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How much are stamp duty cuts helping first-time buyers in London?

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The stamp duty cut for first-time buyers was the Government’s big giveaway in last year’s Autumn Budget. But how much help will it really give buyers in London? 

For aspirational young buyers who dream of living in the heart of London (Travel Zones 1-2), the stamp duty cut will benefit very few first-time buyers. According to analysis by online estate agents HouseSimple.com, there are just 387 properties currently for sale at £300,000 or less in London Travel Zones 1 and 2, that would be stamp duty exempt for first- time buyers. 

If you extended the search area to include Travel Zone 3, the number of stamp duty exempt properties increases to 1,235. Not surprisingly, the Royal Borough of Kensington and Chelsea has the fewest stamp duty exempt properties, with just six, including a tiny 113 square foot studio flat, in SW5, Earls Court. The boroughs of Camden and City of Westminster, both have just 18 stamp duty exempt properties currently on the market.

First time buyers should head to the borough of Croydon, which is travel zone 5-6, for the largest number of stamp duty exempt properties on the market today. Croydon has 795 properties at £300k or less, more than double the number in any other London borough.

The reality is, that most first-time buyers will still have to pay stamp duty if they’re hoping to buy in inner London. According to HouseSimple figures, there are 4,490 properties in Zone 1-2, and 7,687 properties in Zone 1-3, that are currently on the market at between £300,001 and £500,000, and would be eligible for a £5,000 stamp duty cut.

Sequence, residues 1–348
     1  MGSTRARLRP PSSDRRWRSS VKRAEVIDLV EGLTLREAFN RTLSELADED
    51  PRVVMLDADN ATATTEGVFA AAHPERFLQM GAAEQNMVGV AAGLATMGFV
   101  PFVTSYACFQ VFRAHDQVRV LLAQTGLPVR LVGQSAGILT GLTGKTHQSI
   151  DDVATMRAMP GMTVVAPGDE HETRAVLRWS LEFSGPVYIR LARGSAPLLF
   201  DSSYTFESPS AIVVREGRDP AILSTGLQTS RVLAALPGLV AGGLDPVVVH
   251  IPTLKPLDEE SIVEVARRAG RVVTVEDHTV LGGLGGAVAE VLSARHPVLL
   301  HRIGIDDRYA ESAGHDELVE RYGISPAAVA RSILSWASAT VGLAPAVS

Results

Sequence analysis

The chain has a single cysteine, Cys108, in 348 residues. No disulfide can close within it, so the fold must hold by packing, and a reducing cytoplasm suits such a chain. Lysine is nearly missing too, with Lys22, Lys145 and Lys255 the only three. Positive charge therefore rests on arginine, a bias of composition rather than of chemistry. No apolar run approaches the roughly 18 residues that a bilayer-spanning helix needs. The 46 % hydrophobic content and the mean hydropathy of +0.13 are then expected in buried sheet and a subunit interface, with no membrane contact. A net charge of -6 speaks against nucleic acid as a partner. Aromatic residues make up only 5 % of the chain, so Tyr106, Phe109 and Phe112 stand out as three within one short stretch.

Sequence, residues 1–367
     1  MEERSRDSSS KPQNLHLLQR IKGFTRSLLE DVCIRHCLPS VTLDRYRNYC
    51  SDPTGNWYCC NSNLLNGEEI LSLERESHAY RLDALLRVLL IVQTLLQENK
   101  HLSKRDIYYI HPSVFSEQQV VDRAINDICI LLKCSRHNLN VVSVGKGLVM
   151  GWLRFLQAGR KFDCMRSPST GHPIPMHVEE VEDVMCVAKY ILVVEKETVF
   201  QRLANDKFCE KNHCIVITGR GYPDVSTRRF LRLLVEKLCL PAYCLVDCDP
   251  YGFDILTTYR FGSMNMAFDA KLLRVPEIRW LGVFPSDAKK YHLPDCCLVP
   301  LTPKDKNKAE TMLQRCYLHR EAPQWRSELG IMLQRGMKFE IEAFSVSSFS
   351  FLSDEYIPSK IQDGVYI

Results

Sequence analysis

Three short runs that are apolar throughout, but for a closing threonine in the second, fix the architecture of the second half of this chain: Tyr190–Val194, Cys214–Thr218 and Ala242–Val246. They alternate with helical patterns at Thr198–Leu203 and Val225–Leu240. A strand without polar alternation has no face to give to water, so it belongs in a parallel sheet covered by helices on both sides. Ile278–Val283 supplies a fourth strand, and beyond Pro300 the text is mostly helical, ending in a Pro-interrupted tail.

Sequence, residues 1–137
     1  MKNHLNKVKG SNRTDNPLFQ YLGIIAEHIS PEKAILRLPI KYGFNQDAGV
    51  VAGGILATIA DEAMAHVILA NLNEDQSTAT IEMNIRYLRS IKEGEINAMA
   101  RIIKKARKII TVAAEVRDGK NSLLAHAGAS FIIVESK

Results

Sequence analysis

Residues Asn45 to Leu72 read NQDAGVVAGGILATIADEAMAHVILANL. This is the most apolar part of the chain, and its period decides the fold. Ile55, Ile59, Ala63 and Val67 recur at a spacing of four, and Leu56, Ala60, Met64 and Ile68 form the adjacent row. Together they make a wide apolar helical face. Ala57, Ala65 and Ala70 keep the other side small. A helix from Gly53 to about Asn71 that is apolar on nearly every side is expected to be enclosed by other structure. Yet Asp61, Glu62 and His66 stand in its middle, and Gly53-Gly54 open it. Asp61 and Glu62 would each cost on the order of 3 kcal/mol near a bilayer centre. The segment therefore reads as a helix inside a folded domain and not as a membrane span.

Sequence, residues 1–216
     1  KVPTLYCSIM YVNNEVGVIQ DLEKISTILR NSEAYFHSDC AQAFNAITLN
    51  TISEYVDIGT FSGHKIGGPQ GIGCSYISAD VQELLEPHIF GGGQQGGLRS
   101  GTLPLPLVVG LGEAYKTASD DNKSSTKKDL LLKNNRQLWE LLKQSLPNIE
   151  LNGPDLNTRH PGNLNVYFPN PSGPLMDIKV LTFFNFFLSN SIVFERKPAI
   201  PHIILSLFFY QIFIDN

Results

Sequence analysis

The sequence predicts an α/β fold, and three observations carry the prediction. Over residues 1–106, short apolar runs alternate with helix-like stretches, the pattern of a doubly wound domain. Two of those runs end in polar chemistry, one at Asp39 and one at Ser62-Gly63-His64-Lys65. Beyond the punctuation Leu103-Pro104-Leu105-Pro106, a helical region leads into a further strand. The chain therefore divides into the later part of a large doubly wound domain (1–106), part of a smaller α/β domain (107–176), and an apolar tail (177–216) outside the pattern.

The following table shows the number of properties currently for sale in London at £300k and below, and between £300k up to £500k, broken down by borough.

Borough Tube/Travel zone Number of properties for sale at £300,000 or below Number of properties for sale from £300,001 up to £500,000
Barking and Dagenham 4-5 214 233
Barnet 4 260 1,346
Bexley 6+ 213 388
Brent 3-4 292 1,263
Bromley 3-4 300 722
Camden 1-2 18  277
City of Westminster 1 18 242
Croydon 5-6 795 1,345
Ealing 3-4 235 1,142
Enfield 4-5 279 680
Greenwich 3 207 486
Hackney 2 23 438
Hammersmith & Fulham 2 24 212
Haringey 3-4 85 449
Harrow 4-6 175 589
Havering 6 275 665
Hillingdon 5-6 311 706
Hounslow 2-4 263 660
Islington 1-2 16 381
Kensington and Chelsea 1-2 6 144
Kingston upon Thames 3-4 85 449
Lambeth 1-2 123 851
Lewisham 2-3 231 721
Merton 3-4 197 540
Newham 2-3 260 1,019
Redbridge 4 242 515
Richmond upon Thames 3-4 56 343
Southwark 1-2 89 688
Sutton 4-5 319 390
Tower Hamlets 1-2 70 1,257
Waltham Forest 3-4 175 567
Wandsworth 2-3 94 797
TOTA   5,961 20,488

Sam Mitchell, CEO, online estate agents HouseSimple.com comments: “The Chancellor wheeled out his big tax break offering last Autumn to help first-time buyers and attract young voters. Unfortunately for the young London buyer, the stamp duty cut, while beneficial to large swathes of the country, won’t make much of a dent in their house buying budget. 

“Even a stamp duty saving of £5,000 on properties up to £500,000, which is not something to be sniffed at, won’t be much help if first-time buyers don’t have the funds in the first place to put down substantial deposits needed to buy even a basic starter home in Inner London. 

“London is seeing an exodus of young professionals, who would prefer to move to more affordable areas of the country, than buy in outer London, and face long commutes every day. With the growth of business hubs in many other major cities, and the cost of housing considerably lower than in the capital, London is no longer the economic draw it used to be.”




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